"Neil Richards, a law professor at Washington University School of Law in St. Louis, compared social networks to town squares of centuries past — an analogy social-media executives havethemselves used.
“They are learning, unfortunately the hard way, that when you occupy a space in our society that allows people to express themselves, you need to let people express themselves equally and fairly, because that is the expectation,” Richards said. “They have tremendous effect on our lives and have become such a major part of the ecosystem of free expression and public debate that you can’t have a public campaign anymore without a Twitter or Facebook presence, and that makes them quasi-public, more like a power company or a cable company or newspaper.”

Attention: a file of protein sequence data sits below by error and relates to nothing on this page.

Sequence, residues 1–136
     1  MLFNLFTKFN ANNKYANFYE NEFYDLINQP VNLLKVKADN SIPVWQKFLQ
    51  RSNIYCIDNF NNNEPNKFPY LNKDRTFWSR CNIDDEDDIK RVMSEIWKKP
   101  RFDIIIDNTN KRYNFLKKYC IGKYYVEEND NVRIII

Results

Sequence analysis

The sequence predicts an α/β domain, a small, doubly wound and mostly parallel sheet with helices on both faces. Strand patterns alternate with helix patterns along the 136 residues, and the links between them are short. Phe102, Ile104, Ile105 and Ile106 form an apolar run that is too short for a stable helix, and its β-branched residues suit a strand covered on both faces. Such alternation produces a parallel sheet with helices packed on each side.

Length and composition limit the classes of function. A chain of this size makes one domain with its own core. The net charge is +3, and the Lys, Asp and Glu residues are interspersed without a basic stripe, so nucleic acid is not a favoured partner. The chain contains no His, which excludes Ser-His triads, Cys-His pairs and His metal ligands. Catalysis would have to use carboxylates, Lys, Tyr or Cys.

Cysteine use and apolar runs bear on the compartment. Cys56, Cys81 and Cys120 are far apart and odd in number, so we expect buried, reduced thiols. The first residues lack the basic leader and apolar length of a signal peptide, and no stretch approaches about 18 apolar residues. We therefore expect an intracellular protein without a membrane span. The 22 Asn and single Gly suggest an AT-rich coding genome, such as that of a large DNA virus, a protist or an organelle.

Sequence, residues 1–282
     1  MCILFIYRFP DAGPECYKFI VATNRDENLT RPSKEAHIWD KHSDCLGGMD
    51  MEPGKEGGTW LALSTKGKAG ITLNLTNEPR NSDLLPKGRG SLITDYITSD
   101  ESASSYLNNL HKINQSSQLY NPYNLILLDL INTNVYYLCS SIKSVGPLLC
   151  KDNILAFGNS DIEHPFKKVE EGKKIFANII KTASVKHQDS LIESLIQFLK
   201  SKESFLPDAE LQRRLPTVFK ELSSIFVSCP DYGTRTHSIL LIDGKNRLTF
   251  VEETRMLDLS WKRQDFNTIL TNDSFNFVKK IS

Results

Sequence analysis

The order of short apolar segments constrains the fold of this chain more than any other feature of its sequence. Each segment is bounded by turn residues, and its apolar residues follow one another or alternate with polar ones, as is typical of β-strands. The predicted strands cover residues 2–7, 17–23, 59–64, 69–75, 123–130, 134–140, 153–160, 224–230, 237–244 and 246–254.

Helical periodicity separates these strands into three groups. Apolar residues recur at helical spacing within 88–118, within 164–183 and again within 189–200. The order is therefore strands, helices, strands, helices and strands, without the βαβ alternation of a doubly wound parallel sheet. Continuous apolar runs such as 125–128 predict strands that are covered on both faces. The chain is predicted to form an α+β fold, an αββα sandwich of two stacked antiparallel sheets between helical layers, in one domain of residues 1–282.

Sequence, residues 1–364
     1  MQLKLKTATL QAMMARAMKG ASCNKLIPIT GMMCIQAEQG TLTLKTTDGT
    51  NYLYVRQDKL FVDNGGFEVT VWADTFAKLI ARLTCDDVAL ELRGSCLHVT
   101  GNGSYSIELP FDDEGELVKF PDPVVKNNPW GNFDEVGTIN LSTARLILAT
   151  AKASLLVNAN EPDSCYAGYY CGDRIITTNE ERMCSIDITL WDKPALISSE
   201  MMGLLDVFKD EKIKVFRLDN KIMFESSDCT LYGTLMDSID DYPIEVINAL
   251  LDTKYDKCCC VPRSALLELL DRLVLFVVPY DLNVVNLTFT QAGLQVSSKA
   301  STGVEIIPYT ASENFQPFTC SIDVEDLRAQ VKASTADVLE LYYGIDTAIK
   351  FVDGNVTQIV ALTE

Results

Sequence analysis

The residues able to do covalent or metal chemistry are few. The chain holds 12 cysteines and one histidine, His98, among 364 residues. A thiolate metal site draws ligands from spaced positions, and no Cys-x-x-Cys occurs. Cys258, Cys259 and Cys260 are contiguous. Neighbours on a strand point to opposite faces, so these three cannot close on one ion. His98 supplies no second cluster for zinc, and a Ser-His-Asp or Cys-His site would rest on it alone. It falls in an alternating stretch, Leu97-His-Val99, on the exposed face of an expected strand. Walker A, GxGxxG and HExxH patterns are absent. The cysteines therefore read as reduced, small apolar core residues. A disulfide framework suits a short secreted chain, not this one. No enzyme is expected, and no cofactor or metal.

“The quandary that these companies find themselves in is that they enjoy the freedom of not having any First Amendment liability, so they’re in this free zone,” said Morgan Weiland, a junior affiliate scholar at Stanford Law School’s Center for Internet and Society. “They also have massive responsibility because they’re dealing with people’s freedom of expression on such a large scale that people cannot opt out and still meaningfully engage with the world.”"